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Post COVID-19: Four trends that will define consumer lending in India

In the post-pandemic era, lenders will increasingly become more conservative, despite a growth in the demand for credit from both retail and institutional customers like SMEs and MSMEs

Madhusudan Ekambaram | October 12, 2020 | Updated 23:06 IST
Post COVID-19: Four trends that will define consumer lending in India
With the economic growth severely impacted, discretionary spending across families has reduced drastically

As the ongoing COVID-19 pandemic unleashes a worldwide public health crisis, people across the length and breadth of the country are also bracing themselves for the economic crisis triggered by the disruption to the global economy.

Subsequent lockdowns to contain the spread and a decline in economic activities have left consumers grappling with layoffs, loss in pay, furloughs, and a reduction in savings. Even as the economy reopens slowly, consumers are struggling to regain control over their finances and are cutting back on discretionary spending.

What does the future of lending look like in this scenario? How will the demand for consumer loans change in the aftermath of the pandemic, if at all? Will the current liquidity crunch result in an increase in borrowing?  

Also Read: Get ready for 'restructured' tag in credit report for loan reset

Reason for borrowing will change  

With the economic growth severely impacted, discretionary spending across families has reduced drastically. A disrupted supply chain is further responsible for dampening consumer demand. In the post-pandemic world, as we recover from the economic fallout of COVID-19, the need for borrowing will change.  

Earlier, customers would borrow out of necessity or to fulfill aspirations of travel, dining, experiences, luxury acquisitions, and other indulgences. As spending on travel, tourism and hospitality has come to a grinding halt and economic uncertainty looms large, demand for personal loans for guilt-free indulgences has dropped. Want-based borrowing will soon make way for more need-based borrowing. With the possibility of job loss and salary reductions, no significant economic revival in sight, and a decline in disposable income, most consumers will exercise caution about borrowing and will take loans only out of necessity such as education, medical emergencies, and other essentials.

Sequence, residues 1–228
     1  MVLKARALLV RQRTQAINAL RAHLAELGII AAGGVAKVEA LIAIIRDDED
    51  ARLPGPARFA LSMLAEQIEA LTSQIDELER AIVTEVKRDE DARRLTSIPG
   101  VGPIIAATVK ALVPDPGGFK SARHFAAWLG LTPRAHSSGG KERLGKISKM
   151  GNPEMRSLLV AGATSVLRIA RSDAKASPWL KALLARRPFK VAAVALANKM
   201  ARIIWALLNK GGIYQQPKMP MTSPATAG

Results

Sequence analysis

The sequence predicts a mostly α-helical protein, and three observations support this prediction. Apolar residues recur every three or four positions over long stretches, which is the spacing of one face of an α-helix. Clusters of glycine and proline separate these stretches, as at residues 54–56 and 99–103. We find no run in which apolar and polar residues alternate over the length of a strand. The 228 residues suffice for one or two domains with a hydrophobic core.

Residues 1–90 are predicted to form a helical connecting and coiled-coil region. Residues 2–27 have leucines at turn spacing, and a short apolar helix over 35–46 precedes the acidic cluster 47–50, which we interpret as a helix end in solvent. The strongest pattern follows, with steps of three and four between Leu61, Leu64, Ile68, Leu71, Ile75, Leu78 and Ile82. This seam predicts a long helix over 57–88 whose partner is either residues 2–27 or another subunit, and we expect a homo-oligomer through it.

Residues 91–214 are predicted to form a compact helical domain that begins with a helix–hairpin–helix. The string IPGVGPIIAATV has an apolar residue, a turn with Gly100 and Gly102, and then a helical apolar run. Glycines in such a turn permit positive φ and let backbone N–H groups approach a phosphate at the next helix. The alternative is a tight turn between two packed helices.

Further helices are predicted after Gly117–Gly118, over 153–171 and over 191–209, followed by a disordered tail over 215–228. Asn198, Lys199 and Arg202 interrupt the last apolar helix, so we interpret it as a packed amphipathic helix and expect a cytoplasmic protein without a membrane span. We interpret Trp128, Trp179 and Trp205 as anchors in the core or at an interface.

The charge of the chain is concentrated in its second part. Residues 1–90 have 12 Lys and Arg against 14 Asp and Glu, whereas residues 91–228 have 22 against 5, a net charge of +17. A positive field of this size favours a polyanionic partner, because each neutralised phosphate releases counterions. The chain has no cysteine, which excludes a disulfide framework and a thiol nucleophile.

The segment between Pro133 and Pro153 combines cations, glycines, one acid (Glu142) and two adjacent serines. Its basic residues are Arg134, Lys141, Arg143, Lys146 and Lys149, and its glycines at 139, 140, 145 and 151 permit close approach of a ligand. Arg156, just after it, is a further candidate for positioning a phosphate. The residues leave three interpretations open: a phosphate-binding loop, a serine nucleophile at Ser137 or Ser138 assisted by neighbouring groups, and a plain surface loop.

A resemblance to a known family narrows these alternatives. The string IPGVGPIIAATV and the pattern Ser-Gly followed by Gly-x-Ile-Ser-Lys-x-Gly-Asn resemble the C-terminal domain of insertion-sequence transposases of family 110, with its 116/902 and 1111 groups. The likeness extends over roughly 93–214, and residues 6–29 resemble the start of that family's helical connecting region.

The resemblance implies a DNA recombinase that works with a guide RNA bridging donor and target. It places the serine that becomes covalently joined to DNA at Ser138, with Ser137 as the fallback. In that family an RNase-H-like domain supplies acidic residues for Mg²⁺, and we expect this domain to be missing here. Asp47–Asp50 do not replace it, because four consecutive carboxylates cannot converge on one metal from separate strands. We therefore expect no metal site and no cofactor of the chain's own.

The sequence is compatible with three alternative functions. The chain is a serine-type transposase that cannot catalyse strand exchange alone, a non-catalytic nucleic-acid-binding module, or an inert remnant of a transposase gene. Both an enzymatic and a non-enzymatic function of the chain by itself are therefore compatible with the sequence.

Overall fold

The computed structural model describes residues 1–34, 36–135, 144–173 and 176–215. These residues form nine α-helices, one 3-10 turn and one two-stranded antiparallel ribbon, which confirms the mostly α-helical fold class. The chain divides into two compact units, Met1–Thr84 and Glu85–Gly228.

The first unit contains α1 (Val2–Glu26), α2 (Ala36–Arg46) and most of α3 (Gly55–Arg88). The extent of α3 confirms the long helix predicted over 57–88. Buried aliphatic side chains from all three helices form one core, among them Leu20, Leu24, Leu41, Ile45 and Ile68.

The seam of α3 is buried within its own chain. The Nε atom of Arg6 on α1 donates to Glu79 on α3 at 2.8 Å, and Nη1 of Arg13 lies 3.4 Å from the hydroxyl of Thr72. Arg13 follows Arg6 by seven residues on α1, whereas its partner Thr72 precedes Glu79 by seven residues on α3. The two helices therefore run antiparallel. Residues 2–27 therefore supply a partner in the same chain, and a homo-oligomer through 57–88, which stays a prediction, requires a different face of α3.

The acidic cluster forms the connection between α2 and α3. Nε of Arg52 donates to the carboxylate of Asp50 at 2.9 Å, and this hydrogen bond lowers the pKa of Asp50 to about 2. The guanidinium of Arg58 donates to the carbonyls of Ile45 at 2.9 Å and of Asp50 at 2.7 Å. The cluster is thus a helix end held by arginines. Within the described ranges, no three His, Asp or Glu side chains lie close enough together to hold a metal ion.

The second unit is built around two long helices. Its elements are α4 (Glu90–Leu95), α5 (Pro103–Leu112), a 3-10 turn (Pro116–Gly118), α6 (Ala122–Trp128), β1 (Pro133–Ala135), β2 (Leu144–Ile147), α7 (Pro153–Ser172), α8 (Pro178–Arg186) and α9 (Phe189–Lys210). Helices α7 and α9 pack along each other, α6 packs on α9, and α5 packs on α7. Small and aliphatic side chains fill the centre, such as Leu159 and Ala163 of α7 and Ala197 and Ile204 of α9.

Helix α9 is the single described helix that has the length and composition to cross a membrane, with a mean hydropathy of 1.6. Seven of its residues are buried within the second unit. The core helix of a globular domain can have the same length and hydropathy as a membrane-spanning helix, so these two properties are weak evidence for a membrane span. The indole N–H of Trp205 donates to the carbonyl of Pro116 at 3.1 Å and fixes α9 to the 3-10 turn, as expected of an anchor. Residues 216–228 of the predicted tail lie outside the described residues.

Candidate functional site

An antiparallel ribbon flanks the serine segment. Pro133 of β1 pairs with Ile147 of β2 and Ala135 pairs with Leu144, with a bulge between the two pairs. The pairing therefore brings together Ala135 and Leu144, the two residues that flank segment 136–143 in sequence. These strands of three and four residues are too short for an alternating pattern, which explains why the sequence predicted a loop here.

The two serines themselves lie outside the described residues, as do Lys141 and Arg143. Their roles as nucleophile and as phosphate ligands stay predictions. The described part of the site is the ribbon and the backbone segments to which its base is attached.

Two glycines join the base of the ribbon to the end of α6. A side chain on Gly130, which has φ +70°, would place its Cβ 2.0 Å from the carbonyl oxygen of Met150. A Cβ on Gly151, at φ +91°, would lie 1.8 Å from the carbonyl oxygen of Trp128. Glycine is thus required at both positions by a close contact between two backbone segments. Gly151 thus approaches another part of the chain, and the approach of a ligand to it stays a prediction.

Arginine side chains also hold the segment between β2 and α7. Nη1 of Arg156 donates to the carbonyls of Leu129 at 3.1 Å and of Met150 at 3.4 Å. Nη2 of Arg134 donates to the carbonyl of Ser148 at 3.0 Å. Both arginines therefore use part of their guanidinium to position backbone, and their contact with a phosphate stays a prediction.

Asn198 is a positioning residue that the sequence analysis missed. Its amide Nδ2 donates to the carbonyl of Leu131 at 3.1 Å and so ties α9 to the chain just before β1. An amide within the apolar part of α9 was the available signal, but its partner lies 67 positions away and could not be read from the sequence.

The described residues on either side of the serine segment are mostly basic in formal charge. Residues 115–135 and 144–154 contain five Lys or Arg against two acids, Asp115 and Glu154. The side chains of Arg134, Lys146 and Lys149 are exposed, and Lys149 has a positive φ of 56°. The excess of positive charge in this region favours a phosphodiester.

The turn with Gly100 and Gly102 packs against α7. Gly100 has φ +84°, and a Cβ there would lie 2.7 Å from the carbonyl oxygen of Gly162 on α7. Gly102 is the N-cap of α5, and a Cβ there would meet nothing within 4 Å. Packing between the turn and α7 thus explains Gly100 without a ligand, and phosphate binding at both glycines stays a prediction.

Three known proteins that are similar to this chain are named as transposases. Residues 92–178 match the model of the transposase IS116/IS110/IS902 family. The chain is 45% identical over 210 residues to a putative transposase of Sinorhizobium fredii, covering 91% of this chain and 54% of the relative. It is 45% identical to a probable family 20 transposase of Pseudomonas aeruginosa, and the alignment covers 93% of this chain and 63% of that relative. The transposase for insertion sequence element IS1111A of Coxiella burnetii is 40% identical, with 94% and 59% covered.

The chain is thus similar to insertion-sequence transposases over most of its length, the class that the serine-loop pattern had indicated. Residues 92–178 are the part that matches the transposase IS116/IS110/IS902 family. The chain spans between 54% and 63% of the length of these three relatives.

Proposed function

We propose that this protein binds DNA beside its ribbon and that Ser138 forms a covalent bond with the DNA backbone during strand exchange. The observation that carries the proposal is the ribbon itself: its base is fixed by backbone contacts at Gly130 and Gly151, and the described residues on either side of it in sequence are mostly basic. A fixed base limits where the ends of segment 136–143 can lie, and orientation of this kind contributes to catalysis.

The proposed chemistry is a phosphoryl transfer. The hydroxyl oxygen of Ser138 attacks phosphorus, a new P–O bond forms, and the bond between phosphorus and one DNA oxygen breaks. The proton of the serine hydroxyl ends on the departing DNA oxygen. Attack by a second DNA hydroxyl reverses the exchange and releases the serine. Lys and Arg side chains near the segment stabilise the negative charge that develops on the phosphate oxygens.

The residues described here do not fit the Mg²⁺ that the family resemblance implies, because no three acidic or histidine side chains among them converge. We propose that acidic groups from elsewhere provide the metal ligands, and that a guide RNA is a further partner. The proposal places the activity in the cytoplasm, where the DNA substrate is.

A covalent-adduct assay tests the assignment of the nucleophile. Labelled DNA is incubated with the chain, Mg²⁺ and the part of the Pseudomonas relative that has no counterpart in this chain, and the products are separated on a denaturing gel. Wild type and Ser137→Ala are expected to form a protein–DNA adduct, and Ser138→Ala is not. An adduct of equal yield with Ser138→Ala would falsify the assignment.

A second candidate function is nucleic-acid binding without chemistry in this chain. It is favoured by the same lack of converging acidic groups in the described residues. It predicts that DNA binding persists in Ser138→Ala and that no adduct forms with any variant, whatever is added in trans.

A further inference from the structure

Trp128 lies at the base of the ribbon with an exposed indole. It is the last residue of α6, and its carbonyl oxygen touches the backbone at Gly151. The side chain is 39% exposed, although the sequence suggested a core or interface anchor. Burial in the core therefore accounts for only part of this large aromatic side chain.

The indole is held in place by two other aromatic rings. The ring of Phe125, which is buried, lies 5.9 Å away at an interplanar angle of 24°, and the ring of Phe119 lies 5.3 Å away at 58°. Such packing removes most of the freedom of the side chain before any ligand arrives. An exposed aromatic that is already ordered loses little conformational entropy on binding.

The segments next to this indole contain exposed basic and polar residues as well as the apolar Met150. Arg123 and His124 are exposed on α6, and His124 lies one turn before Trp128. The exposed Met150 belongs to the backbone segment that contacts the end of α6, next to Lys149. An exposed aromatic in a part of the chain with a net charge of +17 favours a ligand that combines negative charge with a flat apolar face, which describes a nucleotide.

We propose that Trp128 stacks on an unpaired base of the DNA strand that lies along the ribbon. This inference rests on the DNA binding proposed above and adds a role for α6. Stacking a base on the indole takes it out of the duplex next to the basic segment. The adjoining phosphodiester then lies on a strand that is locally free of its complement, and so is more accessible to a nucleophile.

Smaller ticket size loans will be preferred

In the future, there will be a lower appetite for large ticket sized loans. In the wake of economic distress triggered by the coronavirus pandemic, most people will prefer small ticket sized loans, for emergencies or for financing immediate requirements. First-time borrowers will further drive the demand, especially millennials and Gen-Z, with no credit history, who will find it difficult to obtain larger ticket sized loans from traditional sources of credit like banks and NBFCs.  

Also Read: No free lunches in SBI's loan restructuring; borrowers to pay extra interest

Lenders will exercise more caution

Despite the uptick in demand for personal loans and credit cards, lenders are becoming more cautious, given the prevailing economic uncertainty.

With growing concerns over the increase in non-performing assets, risk-averse lending channels like banks are increasingly tightening the norms. They are depending more on information like borrower credit history and repayment behavior details to approve loans.

The recent loan moratorium announced by the RBI to extend economic reprieve to struggling borrowers has been mistaken for complete loan waivers by many debtors.

In the event of non-receipt of interest from borrowers, banks will also struggle to pay their customers interests on their deposits. Thus, the banking industry as a whole will need to ensure an improvement in loan repayment behavior. This might push the unprecedented demand for loans in certain segments, accentuated by word of mouth.

In the post-pandemic era, lenders will increasingly become more conservative, despite a growth in the demand for credit from both retail and institutional customers like SMEs and MSMEs.  

Digital lending channels will be in demand

Incidentally, the dependence on formal credit history information by traditional lenders will drive more people to digital lending platforms.

Already, during the pandemic, digital payments platforms have witnessed a massive spike in adoption, with products like PPI wallets, digital credit cards enjoying immense popularity among consumers.  

In the future, more and more online lenders will leverage the high mobile and internet penetration in India and adopt the latest cutting-edge technology to create a secure, fast and easy-to-use infrastructure and digitise the process of loan application.

Unlike traditional credit channels, these fintech lenders will depend less on credit history details, bank statements, tax returns, physical engagement with customers, and create an ecosystem where the loan disbursal process will be quick, seamless, and risk-free, for both the lender and the borrower.  

Soon, retail lending will be revolutionised by digital transformation of financial processes as more and more people, as well as financial institutions, will realise the true potential of shifting online and availing services that are full-stack digital in nature.  

(The author is CEO, KreditBee)

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